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Fur and Foliage Together: Tips for Pet Safe Plants and Flowers 

Sarah Rae Murray is a writer, former veterinary practice receptionist and an advocate for all animals. 

In the summertime, it’s natural to want to bring the outdoors inside with a bouquet of wild or garden-grown flowers. But what happens when your four-legged family members start to admire your arrangement? It may seem harmless, but many plants and flowers are toxic to animals and can cause symptoms ranging in severity from mild nausea to acute organ failure resulting in death. The simple act of sniffing or nibbling the wrong flora can send your pet to the veterinary ER.

On the bright side, there are plenty of options to beautify your home while keeping it a safe space for your canine and feline residents. Here are a few handy tips for lovers of both plants and animals:

Be plant-danger aware: 

You have the ability to prevent a medical catastrophe with a quick online search. The next time you’re perusing the blooms and greenery at a florist or a garden centre, bring up the ASPCA’s Poisonous Plants database on your smartphone. You can utilize their custom Google search to ensure that the plants in your basket won’t pose a threat to the furry ones at home. There are endless resources for finding pet safe houseplants and flowers – you just have to take the time to look. You may even find a new favourite.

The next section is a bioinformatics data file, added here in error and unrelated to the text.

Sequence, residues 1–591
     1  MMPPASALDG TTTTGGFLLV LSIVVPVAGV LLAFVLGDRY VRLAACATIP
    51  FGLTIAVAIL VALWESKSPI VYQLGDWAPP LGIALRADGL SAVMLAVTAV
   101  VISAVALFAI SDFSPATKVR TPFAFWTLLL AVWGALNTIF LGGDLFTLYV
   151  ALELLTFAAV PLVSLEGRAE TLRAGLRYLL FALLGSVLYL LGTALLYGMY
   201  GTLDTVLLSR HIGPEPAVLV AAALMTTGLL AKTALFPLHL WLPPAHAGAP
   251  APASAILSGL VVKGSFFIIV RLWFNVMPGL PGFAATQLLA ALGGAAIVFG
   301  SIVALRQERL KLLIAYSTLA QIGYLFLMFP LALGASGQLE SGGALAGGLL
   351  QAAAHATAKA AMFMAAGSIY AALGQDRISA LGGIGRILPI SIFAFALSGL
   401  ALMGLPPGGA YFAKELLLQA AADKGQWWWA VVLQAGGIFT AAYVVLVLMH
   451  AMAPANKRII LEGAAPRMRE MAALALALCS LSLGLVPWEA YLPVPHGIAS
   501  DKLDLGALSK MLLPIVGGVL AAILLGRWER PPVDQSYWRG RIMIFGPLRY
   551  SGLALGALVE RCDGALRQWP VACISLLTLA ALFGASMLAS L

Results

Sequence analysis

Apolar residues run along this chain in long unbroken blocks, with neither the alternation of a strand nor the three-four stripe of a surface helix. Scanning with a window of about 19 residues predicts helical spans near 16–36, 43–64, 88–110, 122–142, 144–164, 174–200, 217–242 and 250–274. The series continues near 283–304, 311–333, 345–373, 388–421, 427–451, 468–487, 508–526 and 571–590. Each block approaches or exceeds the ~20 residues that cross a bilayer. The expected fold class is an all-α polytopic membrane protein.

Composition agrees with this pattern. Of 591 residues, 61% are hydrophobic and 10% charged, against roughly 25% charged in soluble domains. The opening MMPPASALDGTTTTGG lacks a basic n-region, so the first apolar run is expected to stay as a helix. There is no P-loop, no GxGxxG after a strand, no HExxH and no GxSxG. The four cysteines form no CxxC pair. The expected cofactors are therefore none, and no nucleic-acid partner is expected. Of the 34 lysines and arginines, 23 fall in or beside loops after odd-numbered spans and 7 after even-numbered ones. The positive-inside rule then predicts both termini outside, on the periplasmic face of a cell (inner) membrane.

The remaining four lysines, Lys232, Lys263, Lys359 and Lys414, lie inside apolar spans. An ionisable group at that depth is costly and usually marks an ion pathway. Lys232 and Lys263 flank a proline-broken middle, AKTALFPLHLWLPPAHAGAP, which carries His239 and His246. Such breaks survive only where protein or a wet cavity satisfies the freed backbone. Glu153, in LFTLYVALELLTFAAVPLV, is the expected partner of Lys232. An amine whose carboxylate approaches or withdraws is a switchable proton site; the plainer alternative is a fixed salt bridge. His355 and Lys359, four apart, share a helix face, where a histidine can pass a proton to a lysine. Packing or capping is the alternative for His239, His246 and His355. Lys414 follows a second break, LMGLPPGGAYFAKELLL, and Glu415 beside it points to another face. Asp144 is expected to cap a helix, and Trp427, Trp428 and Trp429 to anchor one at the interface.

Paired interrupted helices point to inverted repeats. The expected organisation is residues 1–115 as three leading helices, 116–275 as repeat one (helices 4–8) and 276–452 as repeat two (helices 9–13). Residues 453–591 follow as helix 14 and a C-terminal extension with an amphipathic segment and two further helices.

Be extra careful around special occasions: 

Flowers and houseplants are go-to gifts for special occasions. Even pet owners may not realize that the flowers they’re sending could be dangerous to the recipient’s pets. If you do receive flowers, look them up to determine whether they’re safe to keep. Common bouquet flowers such as roses, gerbera daisies, sunflowers, and snapdragons are non-toxic whereas carnations, tulips, calla lilies, and irises are all toxic to both cats and dogs. Don’t forget to research the greenery used to finish most arrangements. Foliage like myrtle, eucalyptus, certain poisonous varieties of ivy and lemon leaf can also be harmful.

Double-check your holiday favourites: 

You may need to rethink holiday mainstays: poinsettias and amaryllis are toxic to both cats and dogs; Easter lilies can be fatal for cats. Ditching the traditional seasonal plants may feel like a compromise at first, but you just may find something new that sets your holiday décor apart. Christmas or Easter cacti are a great non-toxic holiday alternative. In fact, there are many pet safe cacti and succulent varieties you can use to create a festive and modern terrarium arrangement. Check out echeveria ‘Christmas’ for some inspiration, a hybrid of non-toxic succulents that combine green leaves with stunning red tips.

Go faux:

There’s a renaissance happening in the world of plant and floral arrangements. High-end silk plants are coming back in vogue as realistic, low maintenance, affordable alternatives to their living counterparts. Almost anything you can imagine, from succulents to trees, can be found as a silk plant variety that can bring colour and life into your home. Best of all, artificial plants are far less likely to pique your pet’s interest because they don’t give off the enticing aroma of live vegetation. Another bonus? Silk plants are for everyone, no green thumb required.

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